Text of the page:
Annual Marketing Plans, Part III: How to Avoid Sabotaging Your Own Planning Meeting

Target

As I mentioned last time, most advisors start their annual marketing planning meeting by reviewing their progress against the firm’s business plan.

I can’t think of a worse place to start.

Never Mix Business (Plans) With Pleasure

Obviously, you need to benchmark yourself. Figure out if you’re hitting your targets. Understand whether you’re spending your marketing dollars wisely.

But please don’t make the first item on your planning meeting agenda a postmortem. It will put you in a terrible mindset for brainstorming. You should be facing the future with energy, enthusiasm and an open mind. Instead, your head will be crammed with stale ideas. You’ll feel sad about the goals you missed and may even hear a few little voices murmuring, “That won’t work,” “Can’t do,” and my favorite, “We already tried it once.” You’re also going to wear yourself out talking about revenue goals and office space and technology upgrades. By the time you get to marketing, you’ll be exhausted.

The solution? Break your annual planning meeting into two distinct meetings. At the first one, get down to the nitty-gritty of benchmarking progress against your business plan. Be brutal. Be honest. Ask tough questions. Pore over your spreadsheets until you have objective answers. Has your favorite charity gala ever resulted in a lead? Do the same few people always come to your events? It’s great to know your clients’ golf handicaps, but do you know their profitability?

Like I said, this part isn’t very much fun. Fortunately, you’re going to leave most of it behind when you head into your offsite planning meeting. You’ll be bringing only a few high-level takeaways with you.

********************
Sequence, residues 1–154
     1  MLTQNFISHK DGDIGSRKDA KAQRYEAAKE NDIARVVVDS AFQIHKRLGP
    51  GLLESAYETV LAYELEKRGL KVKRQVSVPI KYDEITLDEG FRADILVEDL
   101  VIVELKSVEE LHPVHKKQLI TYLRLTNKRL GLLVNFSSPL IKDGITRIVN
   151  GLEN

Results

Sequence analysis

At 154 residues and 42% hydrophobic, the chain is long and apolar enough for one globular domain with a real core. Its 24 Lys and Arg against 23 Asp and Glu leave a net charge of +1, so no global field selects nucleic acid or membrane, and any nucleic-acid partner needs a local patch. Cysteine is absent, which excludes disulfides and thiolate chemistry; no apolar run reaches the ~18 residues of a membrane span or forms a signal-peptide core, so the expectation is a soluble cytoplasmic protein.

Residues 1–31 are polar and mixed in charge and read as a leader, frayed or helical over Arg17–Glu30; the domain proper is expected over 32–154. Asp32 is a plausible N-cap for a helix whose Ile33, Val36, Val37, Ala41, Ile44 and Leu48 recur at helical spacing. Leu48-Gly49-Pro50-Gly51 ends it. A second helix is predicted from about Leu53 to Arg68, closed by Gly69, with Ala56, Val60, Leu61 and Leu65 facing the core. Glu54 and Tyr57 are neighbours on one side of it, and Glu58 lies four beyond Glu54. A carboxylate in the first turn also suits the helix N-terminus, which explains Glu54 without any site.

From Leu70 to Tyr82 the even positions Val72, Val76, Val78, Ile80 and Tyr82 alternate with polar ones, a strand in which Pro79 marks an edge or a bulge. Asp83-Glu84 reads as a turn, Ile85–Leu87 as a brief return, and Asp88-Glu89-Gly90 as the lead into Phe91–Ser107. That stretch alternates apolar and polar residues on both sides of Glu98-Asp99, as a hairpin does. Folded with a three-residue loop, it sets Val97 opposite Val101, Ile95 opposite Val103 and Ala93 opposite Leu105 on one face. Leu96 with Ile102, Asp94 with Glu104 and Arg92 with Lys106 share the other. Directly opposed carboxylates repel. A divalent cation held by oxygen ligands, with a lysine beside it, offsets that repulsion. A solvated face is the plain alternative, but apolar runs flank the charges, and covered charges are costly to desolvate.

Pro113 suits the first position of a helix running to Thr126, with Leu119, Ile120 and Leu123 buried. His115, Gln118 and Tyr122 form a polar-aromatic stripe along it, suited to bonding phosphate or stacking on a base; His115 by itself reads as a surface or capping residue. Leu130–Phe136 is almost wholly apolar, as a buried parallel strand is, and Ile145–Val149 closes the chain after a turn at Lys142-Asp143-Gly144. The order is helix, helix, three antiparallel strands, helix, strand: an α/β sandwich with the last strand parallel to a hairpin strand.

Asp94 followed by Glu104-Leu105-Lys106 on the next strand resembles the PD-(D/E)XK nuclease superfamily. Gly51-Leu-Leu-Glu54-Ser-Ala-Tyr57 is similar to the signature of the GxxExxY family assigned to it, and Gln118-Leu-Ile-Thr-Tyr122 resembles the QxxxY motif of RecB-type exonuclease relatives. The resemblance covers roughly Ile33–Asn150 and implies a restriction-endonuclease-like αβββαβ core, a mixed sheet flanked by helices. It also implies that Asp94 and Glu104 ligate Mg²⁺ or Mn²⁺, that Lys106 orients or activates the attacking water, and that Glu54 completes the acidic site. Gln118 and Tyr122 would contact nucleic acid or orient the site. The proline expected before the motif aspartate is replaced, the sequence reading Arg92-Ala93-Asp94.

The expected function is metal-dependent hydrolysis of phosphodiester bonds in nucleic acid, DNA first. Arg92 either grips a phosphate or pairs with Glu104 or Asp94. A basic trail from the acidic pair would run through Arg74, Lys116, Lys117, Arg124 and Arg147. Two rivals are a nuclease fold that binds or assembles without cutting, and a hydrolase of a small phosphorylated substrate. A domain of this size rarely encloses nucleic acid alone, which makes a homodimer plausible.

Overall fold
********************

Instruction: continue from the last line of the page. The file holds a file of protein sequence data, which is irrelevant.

The question is, what do you take away? What do you need in your hands when you start your marketing planning?

What to Bring Into Your Marketing Planning Meeting

You’re going to walk away from your business plan review with certain obvious bits of information. Revenue targets. Planned service or product line expansions. That sort of thing.

But for marketing, the single most critical components of your business plan are the constituencies you want to reach. In other words, your target markets. Your clients should always be one constituency. Centers of influence are typically another. If you’re trying to reach new prospects, they’re a third constituency; you’ll need to define who they are and what they look like.

Those constituencies will drive everything else in your marketing plan. For each constituency, you’re going to specify a realistic goal and a strategy to achieve it. All too often, I see goals like, “Do more email marketing.” Email marketing to whom? With what purpose? That way of thinking is backwards. You need to start with the constituency you want to reach—not with a tactic you might use to reach them.

Imagine your firm does advanced tax planning. Your business plan tells you that your most important constituency is high net worth investors with complex tax issues. Your goal is to reach more of them. So you create a strategy to develop more influence on advanced tax topics—to become a well-known, go-to expert. You brainstorm tactics for executing that strategy, such as producing relevant thought leadership content, and promoting it on social media and email. That’s where email marketing comes in: as a tactic in service to strategy.

That’s the right way to approach marketing planning. First, define whom you’re marketing to, and what you want to accomplish. Then walk into your marketing planning meeting and figure out how to get there.

Some people find it hard to define marketing goals and objectives. I’ll have more to say about them next time.